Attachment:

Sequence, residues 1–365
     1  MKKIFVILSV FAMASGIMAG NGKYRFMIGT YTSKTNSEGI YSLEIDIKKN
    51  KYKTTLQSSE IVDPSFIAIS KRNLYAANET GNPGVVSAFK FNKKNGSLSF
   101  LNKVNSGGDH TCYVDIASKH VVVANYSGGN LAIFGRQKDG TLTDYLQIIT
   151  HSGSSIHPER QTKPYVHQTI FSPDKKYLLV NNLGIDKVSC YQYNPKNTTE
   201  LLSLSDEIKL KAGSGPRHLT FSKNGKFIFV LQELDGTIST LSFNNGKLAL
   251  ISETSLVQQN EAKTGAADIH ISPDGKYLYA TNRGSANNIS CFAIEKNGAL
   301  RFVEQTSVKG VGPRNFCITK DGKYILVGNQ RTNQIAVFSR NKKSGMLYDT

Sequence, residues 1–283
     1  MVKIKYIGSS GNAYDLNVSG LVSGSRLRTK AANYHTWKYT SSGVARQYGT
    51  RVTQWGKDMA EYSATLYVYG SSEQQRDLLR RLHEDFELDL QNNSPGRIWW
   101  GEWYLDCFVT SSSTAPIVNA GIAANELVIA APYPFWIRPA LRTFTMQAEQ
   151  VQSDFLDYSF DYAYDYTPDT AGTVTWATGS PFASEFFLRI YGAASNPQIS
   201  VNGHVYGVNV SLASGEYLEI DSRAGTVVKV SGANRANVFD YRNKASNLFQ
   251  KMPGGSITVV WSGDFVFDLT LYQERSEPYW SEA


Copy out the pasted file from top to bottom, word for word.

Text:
Sequence, residues 1–365
     1  MKKIFVILSV FAMASGIMAG NGKYRFMIGT YTSKTNSEGI YSLEIDIKKN
    51  KYKTTLQSSE IVDPSFIAIS KRNLYAANET GNPGVVSAFK FNKKNGSLSF
   101  LNKVNSGGDH TCYVDIASKH VVVANYSGGN LAIFGRQKDG TLTDYLQIIT
   151  HSGSSIHPER QTKPYVHQTI FSPDKKYLLV NNLGIDKVSC YQYNPKNTTE
   201  LLSLSDEIKL KAGSGPRHLT FSKNGKFIFV LQELDGTIST LSFNNGKLAL
   251  ISETSLVQQN EAKTGAADIH ISPDGKYLYA TNRGSANNIS CFAIEKNGAL
   301  RFVEQTSVKG VGPRNFCITK DGKYILVGNQ RTNQIAVFSR NKKSGMLYDT

Sequence, residues 1–283
     1  MVKIKYIGSS GNAYDLNVSG LVSGSRLRTK AANYHTWKYT SSGVARQYGT
    51  RVTQWGKDMA EYSATLYVYG SSEQQRDLLR RLHEDFELDL QNNSPGRIWW
   101  GEWYLDCFVT SSSTAPIVNA GIAANELVIA APYPFWIRPA LRTFTMQAEQ
   151  VQSDFLDYSF DYAYDYTPDT AGTVTWATGS PFASEFFLRI YGAASNPQIS
   201  VNGHVYGVNV SLASGEYLEI DSRAGTVVKV SGANRANVFD YRNKASNLFQ
   251  KMPGGSITVV WSGDFVFDLT LYQERSEPYW SEA